Whereas this and yesterday’s ConvaTec decision may appear to have little in common, when read together they raise an interesting issue relating to patent construction.  All readers will be familiar with the Protocol to Article 69 of the European Patent Convention (EPC), which states that claims are to be construed in such a way as to combine fair protection for the patentee with reasonable certainty for third parties.  The judges in both cases expressly referred to the Protocol, and satisfied themselves that their construction of the patents satisfied its requirements.  Given that, we consider it surprising that two patent claims, which appear on their face to be very precisely delineated, can have given rise to such a divergence of views by judges in the Courts of England and Wales.  Whereas the patentees will presumably be highly satisfied with the degree of protection they have been given, we are not sure that the results can be said to provide “reasonable certainty for third parties”.  We shall have to see whether the Supreme Court will agree to hear appeals from either, and if so whether they will disagree with one (or both!) of the courts in either case.

Tuesday 23 June 2015

Splitting trials: yes, it can be done -- when there's a good reason

British Gas Services v VanClare SE LLC (2015) is an extempore 17 June judgment of Mr Justice Arnold, sitting in the Intellectual Property Enterprise Court (IPEC) for England and Wales. While that court is technically part of the High Court, it's really the successor to the junior Patents County Court -- though High Court judges do occasionally sit in it.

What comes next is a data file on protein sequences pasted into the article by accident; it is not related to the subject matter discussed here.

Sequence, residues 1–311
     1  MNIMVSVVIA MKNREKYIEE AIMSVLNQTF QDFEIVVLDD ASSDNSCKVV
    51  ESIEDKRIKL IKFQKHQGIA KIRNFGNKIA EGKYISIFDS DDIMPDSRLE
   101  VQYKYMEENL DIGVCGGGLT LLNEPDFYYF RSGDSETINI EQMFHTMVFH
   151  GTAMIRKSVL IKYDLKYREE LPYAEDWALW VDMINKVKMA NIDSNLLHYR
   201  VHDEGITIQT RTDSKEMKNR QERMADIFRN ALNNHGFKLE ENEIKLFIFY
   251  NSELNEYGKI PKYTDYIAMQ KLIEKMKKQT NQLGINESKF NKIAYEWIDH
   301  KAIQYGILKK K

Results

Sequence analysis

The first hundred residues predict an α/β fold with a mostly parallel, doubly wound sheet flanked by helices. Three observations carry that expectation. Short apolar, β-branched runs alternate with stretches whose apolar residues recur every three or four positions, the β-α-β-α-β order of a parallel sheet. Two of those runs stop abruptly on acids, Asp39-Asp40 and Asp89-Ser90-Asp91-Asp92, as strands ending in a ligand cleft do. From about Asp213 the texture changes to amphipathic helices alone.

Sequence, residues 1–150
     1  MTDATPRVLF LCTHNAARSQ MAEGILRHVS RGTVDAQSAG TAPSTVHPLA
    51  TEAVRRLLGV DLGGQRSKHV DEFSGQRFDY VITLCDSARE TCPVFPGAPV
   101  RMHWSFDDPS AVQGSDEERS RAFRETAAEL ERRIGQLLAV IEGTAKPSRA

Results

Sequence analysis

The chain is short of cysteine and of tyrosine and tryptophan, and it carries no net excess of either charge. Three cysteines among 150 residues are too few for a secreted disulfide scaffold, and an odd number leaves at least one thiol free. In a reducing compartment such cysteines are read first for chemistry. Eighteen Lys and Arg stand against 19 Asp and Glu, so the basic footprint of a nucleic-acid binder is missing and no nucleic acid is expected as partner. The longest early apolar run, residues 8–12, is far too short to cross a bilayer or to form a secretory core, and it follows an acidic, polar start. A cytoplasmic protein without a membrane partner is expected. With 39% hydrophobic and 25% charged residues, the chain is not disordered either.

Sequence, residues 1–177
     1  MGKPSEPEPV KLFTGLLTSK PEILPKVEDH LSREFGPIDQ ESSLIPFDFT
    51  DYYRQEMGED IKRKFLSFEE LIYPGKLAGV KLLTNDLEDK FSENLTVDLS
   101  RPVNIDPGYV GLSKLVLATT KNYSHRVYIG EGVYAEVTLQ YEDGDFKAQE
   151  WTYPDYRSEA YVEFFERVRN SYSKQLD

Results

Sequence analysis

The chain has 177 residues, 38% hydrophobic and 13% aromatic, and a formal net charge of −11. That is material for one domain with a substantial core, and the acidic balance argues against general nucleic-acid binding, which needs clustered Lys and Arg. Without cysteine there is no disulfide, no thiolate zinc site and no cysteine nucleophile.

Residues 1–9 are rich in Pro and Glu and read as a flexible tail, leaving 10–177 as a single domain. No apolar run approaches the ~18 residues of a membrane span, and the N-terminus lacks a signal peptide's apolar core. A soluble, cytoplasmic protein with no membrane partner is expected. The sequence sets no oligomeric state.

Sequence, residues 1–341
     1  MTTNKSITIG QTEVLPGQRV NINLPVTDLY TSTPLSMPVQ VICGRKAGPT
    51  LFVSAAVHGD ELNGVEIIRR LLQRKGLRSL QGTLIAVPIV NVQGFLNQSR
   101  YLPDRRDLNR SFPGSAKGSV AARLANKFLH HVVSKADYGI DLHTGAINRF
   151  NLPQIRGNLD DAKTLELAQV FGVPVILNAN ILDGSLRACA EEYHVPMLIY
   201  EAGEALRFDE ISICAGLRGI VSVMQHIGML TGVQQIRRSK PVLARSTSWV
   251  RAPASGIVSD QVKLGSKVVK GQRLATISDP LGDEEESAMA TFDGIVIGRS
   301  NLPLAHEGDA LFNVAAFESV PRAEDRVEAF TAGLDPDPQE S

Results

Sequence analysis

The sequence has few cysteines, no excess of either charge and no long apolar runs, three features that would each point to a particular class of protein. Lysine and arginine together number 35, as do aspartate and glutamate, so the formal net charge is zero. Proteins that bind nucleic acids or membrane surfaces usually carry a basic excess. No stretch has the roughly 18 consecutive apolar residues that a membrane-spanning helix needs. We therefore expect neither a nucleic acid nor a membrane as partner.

This was an application by VanClare, the defendant in patent revocation proceedings brought by British Gas Services (BGS) to be transferred to the Patents Court, together with an application by BGS for its revocation claim to be heard before Vanclere's infringement claim.

In essence, in 2014 VanClare acquired a 2002 patent relating to prepayment utilities metering. VanClare granted an exclusive licence in respect of the patent to another entity controlled by the same person as VanClare.  That licensee then wrote to BGS (part of the UK government's smart metering implementation programme, SMIP), drawing the patent to its attention and suggesting that BGS took a licence. A letter before action followed.